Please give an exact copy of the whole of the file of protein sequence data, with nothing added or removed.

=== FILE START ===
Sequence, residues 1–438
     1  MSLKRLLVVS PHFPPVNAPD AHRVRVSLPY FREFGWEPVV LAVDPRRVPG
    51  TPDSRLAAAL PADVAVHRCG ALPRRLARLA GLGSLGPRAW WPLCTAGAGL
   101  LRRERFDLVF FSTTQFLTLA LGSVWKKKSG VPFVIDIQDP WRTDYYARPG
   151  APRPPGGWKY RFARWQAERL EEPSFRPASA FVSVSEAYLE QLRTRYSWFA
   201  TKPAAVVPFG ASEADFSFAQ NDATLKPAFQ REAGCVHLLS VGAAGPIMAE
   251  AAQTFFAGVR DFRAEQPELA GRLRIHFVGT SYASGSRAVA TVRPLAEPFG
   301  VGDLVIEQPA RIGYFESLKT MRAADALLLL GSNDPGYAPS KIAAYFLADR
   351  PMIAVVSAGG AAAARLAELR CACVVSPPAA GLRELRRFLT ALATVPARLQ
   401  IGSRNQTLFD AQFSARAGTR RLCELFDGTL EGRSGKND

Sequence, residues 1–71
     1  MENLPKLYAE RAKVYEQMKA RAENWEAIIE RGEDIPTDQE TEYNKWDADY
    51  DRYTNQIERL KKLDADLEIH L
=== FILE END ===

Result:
Sequence, residues 1–438
     1  MSLKRLLVVS PHFPPVNAPD AHRVRVSLPY FREFGWEPVV LAVDPRRVPG
    51  TPDSRLAAAL PADVAVHRCG ALPRRLARLA GLGSLGPRAW WPLCTAGAGL
   101  LRRERFDLVF FSTTQFLTLA LGSVWKKKSG VPFVIDIQDP WRTDYYARPG
   151  APRPPGGWKY RFARWQAERL EEPSFRPASA FVSVSEAYLE QLRTRYSWFA
   201  TKPAAVVPFG ASEADFSFAQ NDATLKPAFQ REAGCVHLLS VGAAGPIMAE
   251  AAQTFFAGVR DFRAEQPELA GRLRIHFVGT SYASGSRAVA TVRPLAEPFG
   301  VGDLVIEQPA RIGYFESLKT MRAADALLLL GSNDPGYAPS KIAAYFLADR
   351  PMIAVVSAGG AAAARLAELR CACVVSPPAA GLRELRRFLT ALATVPARLQ
   401  IGSRNQTLFD AQFSARAGTR RLCELFDGTL EGRSGKND

Sequence, residues 1–71
     1  MENLPKLYAE RAKVYEQMKA RAENWEAIIE RGEDIPTDQE TEYNKWDADY
    51  DRYTNQIERL KKLDADLEIH L